obamacare

Obamacare Repeal May Be More Complex Than Taking Away Poor People’s iPhones, Goldman Reckons

For the enterprising among you and/or for all the poor people out there who, thanks to the above-mentioned Jason Chaffetz, are now trying to figure out whether to trade in that goddamn iPhone for a WalMart pre-paid, Goldman has a handy table for you and some accompanying color...

Here’s what I said on Tuesday about the GOP proposal to replace Obamacare:

It’ll be contentious. No one will ever –ever – stop talking about it. No one will understand it. Premiums will probably rise. And the entire nation will end up hating it.

So basically just like Obamacare.

Which makes you wonder why we don’t just save ourselves some time and stick with what we’ve got.

I’d wager that will end up being a remarkably accurate assessment of how this ends up. Of course there’s always a chance all the poor people out there will make this easier on the rest of us by just handing in their iPhones so they can afford health insurance. If only we would be so f*cking lucky, right Jason Chaffetz?

I would submit that there’s absolutely no point in trying to untangle this mess right now because what we got early this week probably won’t look anything like what ends up getting passed and that’s assuming anything gets passed at all. Indeed, this is pretty much all you need to know (via Reuters):

The Republican plan unveiled on Tuesday would scrap Obamacare’s requirement that most Americans obtain medical insurance and replace its income-based subsides with a system of fixed tax credits of $2,000 to $4,000 to coax people to purchase private insurance on the open market.

The plan faces significant hurdles in Congress. Conservative Republican lawmakers and lobbying groups slammed it for looking too much like the Obamacare program they have been trying to kill for years. Democrats criticized it as rolling back health insurance coverage gains for millions of Americans while benefiting the rich by repealing healthcare-related taxes.

But for the enterprising among you and/or for all the poor people out there who, thanks to the above-mentioned Jason Chaffetz, are now trying to figure out whether to trade in that goddamn iPhone for a WalMart pre-paid, Goldman has a handy table for you and some accompanying color.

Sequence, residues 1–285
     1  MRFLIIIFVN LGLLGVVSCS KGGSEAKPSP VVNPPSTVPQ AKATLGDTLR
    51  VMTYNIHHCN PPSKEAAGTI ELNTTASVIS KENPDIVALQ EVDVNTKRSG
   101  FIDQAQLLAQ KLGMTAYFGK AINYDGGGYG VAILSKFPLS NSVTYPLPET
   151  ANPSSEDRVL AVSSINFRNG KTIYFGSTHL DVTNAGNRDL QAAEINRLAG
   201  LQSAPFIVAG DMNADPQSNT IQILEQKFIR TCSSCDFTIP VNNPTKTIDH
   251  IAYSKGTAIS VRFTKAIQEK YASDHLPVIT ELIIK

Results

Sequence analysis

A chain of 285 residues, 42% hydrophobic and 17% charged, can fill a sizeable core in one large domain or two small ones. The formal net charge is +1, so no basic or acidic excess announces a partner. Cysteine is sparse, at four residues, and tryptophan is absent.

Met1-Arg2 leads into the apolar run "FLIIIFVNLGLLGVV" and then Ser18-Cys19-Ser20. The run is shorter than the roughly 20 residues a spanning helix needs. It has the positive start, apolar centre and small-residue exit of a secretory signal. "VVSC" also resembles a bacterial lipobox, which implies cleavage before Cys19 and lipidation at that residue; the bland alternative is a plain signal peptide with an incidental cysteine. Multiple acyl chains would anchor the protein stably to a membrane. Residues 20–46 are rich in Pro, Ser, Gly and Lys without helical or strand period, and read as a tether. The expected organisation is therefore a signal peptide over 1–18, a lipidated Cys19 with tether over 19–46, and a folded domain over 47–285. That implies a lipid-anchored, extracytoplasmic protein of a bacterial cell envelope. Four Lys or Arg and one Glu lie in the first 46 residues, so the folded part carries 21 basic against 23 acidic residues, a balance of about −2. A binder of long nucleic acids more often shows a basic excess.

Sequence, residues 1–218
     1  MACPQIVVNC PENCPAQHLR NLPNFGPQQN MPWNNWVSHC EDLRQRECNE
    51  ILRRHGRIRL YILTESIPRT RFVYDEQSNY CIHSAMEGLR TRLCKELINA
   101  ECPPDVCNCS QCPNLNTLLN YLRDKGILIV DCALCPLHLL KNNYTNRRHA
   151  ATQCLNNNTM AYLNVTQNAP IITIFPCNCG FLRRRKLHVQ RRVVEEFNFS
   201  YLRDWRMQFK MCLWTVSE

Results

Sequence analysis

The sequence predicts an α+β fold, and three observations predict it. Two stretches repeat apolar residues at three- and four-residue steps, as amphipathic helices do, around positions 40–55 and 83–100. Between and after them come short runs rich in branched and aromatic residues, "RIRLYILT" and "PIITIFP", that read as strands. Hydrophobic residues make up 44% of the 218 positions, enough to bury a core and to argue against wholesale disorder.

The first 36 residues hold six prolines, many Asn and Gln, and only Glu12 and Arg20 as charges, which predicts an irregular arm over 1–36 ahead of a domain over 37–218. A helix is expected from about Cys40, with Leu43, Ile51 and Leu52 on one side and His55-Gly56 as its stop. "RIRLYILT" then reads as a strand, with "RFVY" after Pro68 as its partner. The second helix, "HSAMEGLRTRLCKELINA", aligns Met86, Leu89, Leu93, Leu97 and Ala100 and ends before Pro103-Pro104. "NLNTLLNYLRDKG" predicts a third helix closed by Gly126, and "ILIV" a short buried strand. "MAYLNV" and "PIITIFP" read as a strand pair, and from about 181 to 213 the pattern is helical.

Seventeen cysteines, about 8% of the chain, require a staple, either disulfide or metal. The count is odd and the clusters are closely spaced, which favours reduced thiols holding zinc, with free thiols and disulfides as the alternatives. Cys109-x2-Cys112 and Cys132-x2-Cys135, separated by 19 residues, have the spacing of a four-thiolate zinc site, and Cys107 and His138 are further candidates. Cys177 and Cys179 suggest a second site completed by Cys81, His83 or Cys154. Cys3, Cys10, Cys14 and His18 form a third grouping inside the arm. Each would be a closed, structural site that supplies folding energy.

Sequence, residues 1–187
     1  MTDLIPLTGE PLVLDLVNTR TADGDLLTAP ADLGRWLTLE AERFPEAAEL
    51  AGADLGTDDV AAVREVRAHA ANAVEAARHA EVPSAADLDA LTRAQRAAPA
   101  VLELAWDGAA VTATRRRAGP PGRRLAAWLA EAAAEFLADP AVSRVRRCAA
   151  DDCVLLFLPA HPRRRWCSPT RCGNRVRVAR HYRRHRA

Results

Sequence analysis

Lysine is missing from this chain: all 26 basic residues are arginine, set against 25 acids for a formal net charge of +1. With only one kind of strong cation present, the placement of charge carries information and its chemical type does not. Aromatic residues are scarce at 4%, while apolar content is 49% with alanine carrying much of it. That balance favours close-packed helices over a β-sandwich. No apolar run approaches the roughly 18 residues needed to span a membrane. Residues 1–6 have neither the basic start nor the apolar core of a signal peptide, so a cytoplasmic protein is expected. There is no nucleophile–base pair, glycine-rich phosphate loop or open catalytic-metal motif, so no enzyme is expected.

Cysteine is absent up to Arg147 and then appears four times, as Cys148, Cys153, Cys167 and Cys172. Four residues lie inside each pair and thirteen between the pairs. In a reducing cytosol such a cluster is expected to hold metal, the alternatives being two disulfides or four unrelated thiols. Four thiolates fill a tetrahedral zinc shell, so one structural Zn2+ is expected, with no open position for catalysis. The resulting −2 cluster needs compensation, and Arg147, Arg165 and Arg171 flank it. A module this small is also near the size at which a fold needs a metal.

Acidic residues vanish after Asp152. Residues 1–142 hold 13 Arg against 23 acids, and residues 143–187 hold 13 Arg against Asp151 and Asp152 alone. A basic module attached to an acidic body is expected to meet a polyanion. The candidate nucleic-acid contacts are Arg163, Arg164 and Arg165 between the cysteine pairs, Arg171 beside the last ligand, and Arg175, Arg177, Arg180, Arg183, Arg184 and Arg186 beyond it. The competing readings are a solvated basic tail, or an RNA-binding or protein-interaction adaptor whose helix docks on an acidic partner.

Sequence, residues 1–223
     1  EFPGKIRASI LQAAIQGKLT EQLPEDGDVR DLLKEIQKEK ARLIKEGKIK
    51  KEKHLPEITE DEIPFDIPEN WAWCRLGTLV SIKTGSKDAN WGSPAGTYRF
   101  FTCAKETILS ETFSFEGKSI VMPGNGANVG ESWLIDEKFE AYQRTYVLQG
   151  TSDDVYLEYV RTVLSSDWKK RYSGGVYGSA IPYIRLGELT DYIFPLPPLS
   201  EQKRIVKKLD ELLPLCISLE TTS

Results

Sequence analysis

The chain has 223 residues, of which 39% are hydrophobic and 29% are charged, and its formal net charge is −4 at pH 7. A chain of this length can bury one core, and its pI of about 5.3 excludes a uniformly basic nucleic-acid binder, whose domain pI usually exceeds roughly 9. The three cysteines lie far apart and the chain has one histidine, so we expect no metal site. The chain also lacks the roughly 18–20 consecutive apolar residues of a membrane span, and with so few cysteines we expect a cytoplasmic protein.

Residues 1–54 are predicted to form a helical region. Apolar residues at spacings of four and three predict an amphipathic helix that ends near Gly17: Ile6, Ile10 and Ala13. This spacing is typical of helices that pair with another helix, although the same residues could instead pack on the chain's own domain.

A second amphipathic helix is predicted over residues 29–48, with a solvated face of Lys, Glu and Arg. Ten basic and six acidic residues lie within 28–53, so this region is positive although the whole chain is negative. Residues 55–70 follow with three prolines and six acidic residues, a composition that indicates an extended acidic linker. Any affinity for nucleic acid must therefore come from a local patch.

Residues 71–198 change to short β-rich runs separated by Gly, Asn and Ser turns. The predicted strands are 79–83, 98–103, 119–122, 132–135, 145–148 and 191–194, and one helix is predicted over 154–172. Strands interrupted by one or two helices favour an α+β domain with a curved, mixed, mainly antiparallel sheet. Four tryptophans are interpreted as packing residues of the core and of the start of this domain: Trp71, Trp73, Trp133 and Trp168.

Below find excerpts from a note out Wednesday that carries the tongue-in-cheek title “Who Knew It Could Be So Complicated?”…

Via Goldman

  • House Republicans have released legislation to replace the Affordable Care Act (ACA, or Obamacare) that would reduce spending on health insurance subsidies and repeal most of the taxes used to pay for the program. However, the proposal has already met resistance from conservative lawmakers in the House and Senate, and some centrist Republicans may have concerns. We expect additional changes to be necessary before it can become law.
  • The next few days will provide additional visibility on how far the current legislation can move through the legislative process. House Committees will vote tomorrow (March 8) and the full House of Representatives could try to vote as soon as next week. Senate Republican leaders have also indicated their intent to move quickly. However, at this stage it is far from clear that the current proposal has the support to pass.
  • While ACA changes themselves could have meaningful macroeconomic effects, in the near term many market participants are focused on the effect that the health debate has on the prospects for tax reform. For procedural reasons, Congress cannot easily move to tax reform before the ACA issue has somehow been resolved. While passage in the near term cannot be ruled out, events this week suggest that the issue might not be resolved until May or possibly later.

ACA

1 comment on “Obamacare Repeal May Be More Complex Than Taking Away Poor People’s iPhones, Goldman Reckons

  1. Curt Tyner says:

    This is Horsesh*t bigly. Look take out the profit which basically kills people and save all the $$$ paid for the paperwork needed to administer this crap and just keep adding people to Medicare until EVERYONE is covered.

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